I think that is a very important form of writing because it allows us to use a narrative, and the human brain works on narratives. If you tell us a fact, we will try to make a story up as to why the fact is true. We need a narrative, and the essay allows you to do that, and also to illuminate reality that way.
The funny thing was about that essay was that it was as if I had been waiting to write it, because I knew that I could not write it while she was alive, as it would make her sad.
When I was writing it I thought, “everybody wants to write about their parents, this is not going to answer anyone but me.” Then, when I started to go around with the book in which it was, I discovered the responses were quite the opposite.
Given the bias against women in the culture, a lot of people, men and women, had mothers who could not put their talents to use.
Q: At the 10th anniversary of Ms. Magazine, you were in Detroit, and a woman turned to you and said you were “the inside of me.”
A: I have never forgotten that.
Q: What is “the inside” of you?
A: The first thing I thought of when you said that are those nested Russian dolls, in which there are many selves. I think we are that: our child selves and our later selves are nested inside us.
When we are born, there is a person in that baby, as anyone who has ever met a baby knows. The question is, will they be helped to become who they are, or will society or parents try to make them into something that they are not?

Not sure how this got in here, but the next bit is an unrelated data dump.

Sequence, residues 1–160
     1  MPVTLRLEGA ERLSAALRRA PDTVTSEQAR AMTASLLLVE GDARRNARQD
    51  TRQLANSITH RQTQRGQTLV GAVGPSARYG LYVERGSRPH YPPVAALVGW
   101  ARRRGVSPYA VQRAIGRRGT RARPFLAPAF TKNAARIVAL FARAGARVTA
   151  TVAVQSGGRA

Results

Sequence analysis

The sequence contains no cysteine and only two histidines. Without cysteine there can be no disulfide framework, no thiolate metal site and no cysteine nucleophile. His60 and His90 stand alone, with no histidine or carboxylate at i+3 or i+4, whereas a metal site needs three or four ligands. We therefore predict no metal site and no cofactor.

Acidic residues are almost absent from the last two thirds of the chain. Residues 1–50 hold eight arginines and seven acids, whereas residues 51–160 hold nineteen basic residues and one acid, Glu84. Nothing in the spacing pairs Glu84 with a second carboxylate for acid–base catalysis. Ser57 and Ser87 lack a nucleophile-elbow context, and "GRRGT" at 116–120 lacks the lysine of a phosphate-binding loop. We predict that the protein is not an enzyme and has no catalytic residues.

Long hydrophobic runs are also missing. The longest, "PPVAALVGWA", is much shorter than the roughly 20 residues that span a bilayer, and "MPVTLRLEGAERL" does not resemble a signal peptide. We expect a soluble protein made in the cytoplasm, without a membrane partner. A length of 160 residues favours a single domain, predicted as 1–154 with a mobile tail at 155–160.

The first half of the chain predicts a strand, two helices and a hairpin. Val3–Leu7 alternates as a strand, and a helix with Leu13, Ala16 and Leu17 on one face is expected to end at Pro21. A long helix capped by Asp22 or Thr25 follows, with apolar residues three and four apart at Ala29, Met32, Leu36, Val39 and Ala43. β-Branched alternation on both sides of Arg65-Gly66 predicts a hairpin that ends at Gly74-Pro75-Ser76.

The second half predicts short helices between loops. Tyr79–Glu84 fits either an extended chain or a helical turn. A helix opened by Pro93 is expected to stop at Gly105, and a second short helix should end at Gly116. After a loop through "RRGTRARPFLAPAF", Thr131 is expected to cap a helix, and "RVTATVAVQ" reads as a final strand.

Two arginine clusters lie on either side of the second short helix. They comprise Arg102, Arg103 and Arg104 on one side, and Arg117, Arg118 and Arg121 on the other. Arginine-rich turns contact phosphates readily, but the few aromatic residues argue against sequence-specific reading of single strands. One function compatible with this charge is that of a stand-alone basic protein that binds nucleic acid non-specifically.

I suppose, in one sense, it is my early child self still there, and sometimes more than others, because the hopes and fears and delights are so rooted there; there are so many layers that we may not realize it.
In an ordinary moment, when I am walking in the street and the sun is out, it is just about a moment in which you feel a sense of well being, that you are somehow part of everything around you.
A: There is this sense of well-being; it does not last very long, but it is memorable. And if we can let those moments guide us, it will probably take us on the right path.
I do not mean to say that human beings are isolated in that moment. It is a feeling of connection that gives you the sense of well-being. It is a connection to the universe, to other people, to nature, to the ice-cream cone, to whatever is there.
Q: I think Freud called it the “oceanic moment,” this feeling of “oneness.”
A: Well, I am glad to know that he said something sensible; it is pretty rare.